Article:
In hindsight he believed his poems helped others realize the injustices that all minorities had to face during this era. Langston Hughes was born February 1st, 1902 in Joplin, Missouri. In the roaring 20’s he started writing professionally and was essential in portraying black life in America. Hughes grew up in a time of social injustice involving the treatment of minorities (specifically African Americans). As his career went on the Harlem Renaissance became a major movement in which he was essential to.
Langston Hughes was known for being one of the most favored, if not the most favored, African-American poet and short story writers of the twentieth century. He was commemorated for being a people’s poet, “his life’s work was about bringing people together socially, politically, and artistically” (Shawn Alexander, 42). Hughes was influential for writing about the everyday struggles, racial injustices, and dreams of the African-American men and women during the Harlem Renaissance of the 1920’s. This period in history was a time of vast changes and explorations for African-Americans. He gave the people hope during a time when they needed it.
Poets Claude Mckay and Langston Hughes are both well known for their literary contributions to the Harlem Renaissance. Roughly spanning from the 1910s to the 1930s, about two decades, the Harlem Renaissance is pinned as the intellectual, social, and artistic explosion of African American culture. At the same time, African Americans were treated as second-class citizens and dealt with a common consensus of disdain from the white folk. Authors and poets during this time were determined to write on the sufferings and strengths within the black culture. Through literary works such as "America" by Claude McKay and "Freedom" by Langston Hughes, the struggles encompassing the black experience are realistically portrayed through reoccurring themes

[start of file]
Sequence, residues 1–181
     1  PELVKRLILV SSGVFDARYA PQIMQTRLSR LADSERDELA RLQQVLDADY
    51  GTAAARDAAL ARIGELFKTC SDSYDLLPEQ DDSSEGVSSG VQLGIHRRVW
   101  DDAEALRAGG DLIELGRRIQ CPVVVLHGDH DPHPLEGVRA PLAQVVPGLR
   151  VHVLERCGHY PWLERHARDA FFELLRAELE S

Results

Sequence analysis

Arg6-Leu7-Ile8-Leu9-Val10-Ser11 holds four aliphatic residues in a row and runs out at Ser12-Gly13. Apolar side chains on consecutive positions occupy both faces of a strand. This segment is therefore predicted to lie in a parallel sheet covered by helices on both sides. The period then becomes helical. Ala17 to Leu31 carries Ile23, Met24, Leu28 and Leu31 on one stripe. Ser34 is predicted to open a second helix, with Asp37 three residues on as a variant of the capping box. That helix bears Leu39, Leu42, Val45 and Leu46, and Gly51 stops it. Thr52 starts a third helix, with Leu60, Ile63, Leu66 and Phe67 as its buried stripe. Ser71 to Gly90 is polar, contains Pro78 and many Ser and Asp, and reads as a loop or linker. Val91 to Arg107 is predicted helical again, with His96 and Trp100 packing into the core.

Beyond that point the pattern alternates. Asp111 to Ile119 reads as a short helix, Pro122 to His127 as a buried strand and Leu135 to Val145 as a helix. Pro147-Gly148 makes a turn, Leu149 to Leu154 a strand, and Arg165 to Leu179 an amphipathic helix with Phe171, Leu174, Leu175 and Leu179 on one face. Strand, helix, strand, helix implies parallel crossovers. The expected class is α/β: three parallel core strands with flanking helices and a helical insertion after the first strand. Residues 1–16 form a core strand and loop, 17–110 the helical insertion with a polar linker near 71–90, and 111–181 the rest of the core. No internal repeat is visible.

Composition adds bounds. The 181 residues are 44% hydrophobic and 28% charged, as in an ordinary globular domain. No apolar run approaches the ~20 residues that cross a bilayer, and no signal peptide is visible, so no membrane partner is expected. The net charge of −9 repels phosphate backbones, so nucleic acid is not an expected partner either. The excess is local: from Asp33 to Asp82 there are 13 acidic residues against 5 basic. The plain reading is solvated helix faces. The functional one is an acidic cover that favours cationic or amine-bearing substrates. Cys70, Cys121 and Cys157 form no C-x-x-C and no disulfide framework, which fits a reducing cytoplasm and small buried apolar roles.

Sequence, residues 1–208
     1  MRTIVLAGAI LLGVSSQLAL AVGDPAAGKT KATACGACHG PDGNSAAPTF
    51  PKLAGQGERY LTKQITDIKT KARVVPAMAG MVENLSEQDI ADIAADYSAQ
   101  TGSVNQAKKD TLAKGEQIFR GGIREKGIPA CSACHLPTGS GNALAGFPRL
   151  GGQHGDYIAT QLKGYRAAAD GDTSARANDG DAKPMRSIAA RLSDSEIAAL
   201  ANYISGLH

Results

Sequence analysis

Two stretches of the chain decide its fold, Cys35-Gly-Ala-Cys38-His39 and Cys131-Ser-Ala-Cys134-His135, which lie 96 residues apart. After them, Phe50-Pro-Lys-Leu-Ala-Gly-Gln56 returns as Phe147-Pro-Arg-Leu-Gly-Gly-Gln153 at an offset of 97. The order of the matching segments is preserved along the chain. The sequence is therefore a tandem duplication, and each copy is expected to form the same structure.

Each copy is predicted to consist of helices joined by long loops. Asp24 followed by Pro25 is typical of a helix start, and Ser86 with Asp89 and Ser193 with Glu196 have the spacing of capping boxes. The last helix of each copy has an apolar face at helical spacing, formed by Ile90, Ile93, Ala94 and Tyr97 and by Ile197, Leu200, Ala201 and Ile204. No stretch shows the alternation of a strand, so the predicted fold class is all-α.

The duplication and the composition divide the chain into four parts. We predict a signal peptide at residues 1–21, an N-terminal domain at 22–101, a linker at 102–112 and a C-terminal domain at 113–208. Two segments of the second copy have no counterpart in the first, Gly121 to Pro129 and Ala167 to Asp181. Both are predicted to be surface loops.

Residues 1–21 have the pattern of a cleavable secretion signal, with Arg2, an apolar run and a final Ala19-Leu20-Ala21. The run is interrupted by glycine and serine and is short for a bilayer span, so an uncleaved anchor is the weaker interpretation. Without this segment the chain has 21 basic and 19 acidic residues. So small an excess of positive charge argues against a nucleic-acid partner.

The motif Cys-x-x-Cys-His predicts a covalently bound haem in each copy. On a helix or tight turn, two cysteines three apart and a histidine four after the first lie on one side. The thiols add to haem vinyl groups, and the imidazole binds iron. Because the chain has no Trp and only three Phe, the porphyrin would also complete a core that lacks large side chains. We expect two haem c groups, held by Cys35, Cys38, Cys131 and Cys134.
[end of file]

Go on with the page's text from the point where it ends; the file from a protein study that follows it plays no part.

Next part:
At that time, in the United States, black people were still openly discriminated against and the notorious Jim Crow Signs were still used to continue to enforce the unjust segregation of the races. It was a time when Langston Hughes himself didn’t have the rights others of his race have today, he couldn’t vote, he couldn 't even take the seat he wanted on the bus. As expected he was dissatisfied with how things were run in his own country, and seeing the Soviet revolution in action in Central Asia sparked his interest. He was taken by what can be called in a sense the Soviet dream, where no man was discriminated
Mother to Sun: An Analysis “Mother to Son” is a poem written by African American author and poet Langston Hughes. Originally published in 1922, when Hughes was only 21 and just beginning his career as a writer, it was not until 1926 when it was republished with a number of Hughes’ other poems, in his book The Weary Blues that it gained widespread notice (Gates et al.). By that time, Hughes had become quite successful as a writer, especially in stories about African American culture, customs, and history (Gates et al.). Moreover, at that time in the mid-1920, African American culture was in the middle of a particularly production period known as the “Harlem Renaissance”, in which writers, artists, musicians, and intellectuals, including Hughes himself, had gathered together in the Harlem section of New York City actively communicated, competed and collaborated with one another to express what is was to be an African American in America. While Hughes’ work covered the range of African American social experience, one of his primary focuses was on exploring the how African American inspired and motivated themselves to carry on despite a mainstream culture, politics, and belief system that saw them as inferior, and worked in practice to continuously keep them oppressed (Gates et al.).